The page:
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Life and Work with Juliana Johnson

Today we’d like to introduce you to Juliana Johnson.

Juliana, let’s start with your story. We’d love to hear how you got started and how the journey has been so far.
I grew up drawing and painting, taking extracurricular art classes in elementary school, attending an arts-focused high school, and then was accepted to ArtCenter College of Design, graduating with a Bachelor of Fine Arts in Graphic Design. I worked on Apple campaigns in an advertising agency for two years after graduating before taking the leap to freelance, and haven’t looked back since.

Has it been a smooth road?
‘Smooth’ is not a word I would use, and I can’t think of a single friend or colleague that would either. Our culture trains us to expect black and white solutions and choices; a clear beginning, middle, and end – and the truth is, the creative process (and life) are often not that simple. The nature of creativity is to bring forth something from nothing, and with that comes an element of unpredictability. This process is sometimes painful and nonlinear, but the most invaluable and rewarding moments also have to potential to be found in the unknown.

I find that freelance, in particular, has higher highs and lower lows – from feeling capable and fulfilled, having a more flexible schedule, getting to travel, and working on a variety of projects with talented folks, to wrestling with uncertainty and identity crises.

Some of the best advice I’ve gotten from a mentor in the early years of my career was: “all you have is your process.” To me, that means not only trusting the process but accepting the experience as the true teacher. Keep making.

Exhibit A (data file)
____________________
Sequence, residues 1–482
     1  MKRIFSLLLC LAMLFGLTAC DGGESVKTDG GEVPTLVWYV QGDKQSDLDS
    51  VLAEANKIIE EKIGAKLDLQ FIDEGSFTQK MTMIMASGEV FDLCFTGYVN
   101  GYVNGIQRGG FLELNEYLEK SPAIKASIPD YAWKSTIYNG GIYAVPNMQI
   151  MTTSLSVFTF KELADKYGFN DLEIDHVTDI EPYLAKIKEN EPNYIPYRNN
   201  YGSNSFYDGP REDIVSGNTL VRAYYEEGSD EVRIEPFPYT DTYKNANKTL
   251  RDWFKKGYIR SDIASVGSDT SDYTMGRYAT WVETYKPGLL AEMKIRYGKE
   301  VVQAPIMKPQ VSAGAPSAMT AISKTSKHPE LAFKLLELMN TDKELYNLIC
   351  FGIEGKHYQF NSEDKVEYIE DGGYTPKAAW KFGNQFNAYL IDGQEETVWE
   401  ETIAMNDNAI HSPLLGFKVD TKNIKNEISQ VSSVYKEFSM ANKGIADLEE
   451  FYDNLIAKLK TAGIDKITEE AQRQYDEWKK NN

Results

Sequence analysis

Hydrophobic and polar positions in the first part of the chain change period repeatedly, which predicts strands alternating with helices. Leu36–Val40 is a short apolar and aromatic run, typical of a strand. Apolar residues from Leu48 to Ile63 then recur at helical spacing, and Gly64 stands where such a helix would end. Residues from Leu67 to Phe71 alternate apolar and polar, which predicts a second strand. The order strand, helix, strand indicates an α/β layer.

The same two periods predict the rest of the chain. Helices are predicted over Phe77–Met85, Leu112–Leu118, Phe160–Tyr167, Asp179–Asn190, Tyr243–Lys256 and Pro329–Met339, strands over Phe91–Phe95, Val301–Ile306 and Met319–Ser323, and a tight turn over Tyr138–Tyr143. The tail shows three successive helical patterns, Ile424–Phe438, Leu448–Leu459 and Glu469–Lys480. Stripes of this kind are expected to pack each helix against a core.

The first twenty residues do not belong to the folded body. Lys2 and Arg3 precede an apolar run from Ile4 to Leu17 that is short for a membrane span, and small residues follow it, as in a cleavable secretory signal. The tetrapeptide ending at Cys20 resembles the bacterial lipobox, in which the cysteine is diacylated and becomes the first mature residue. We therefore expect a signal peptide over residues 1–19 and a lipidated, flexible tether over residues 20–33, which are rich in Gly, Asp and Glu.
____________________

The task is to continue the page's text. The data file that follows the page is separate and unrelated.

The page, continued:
Please tell us more about your work, what you are currently focused on and most proud of.
I’m an art director & graphic designer freelancing in Los Angeles at the moment. I also take photos (sometimes as a purely creative outlet, sometimes for money) which have been featured in a few publications. I have a background in identity design but lately, have been gravitating towards spatial and experiential design. Together with Pearlyn Lii, I’m also co-leading an art collective in creating an interactive dance performance titled Displaced, which explores both the bounds and transcendence of human identity, aiming to launch in New York over the next year.

What advice would you give to someone at the start of her career?
Know your references. Travel – travel alone. Practice confidence. Ask to be paid a higher dollar amount than you may initially consider. And keep making stuff for yourself.

Contact Info:

Image Credit:
Young Blood Pop-Up Show Poster co-designed with Pearlyn Lii; Displaced is a collaboration between Pearlyn Lii (Creative Director), Juliana Johnson (Creative Director), Connie Bakshi (Creative Strategy Director), Maria Malmstrom (Lead Choreographer), Cameo Lethem (Lead Dancer), Anthony Stein (Production Artist), Jeff Park (Creative Technologist), and Joy Matashi (Hair + Makeup Stylist)

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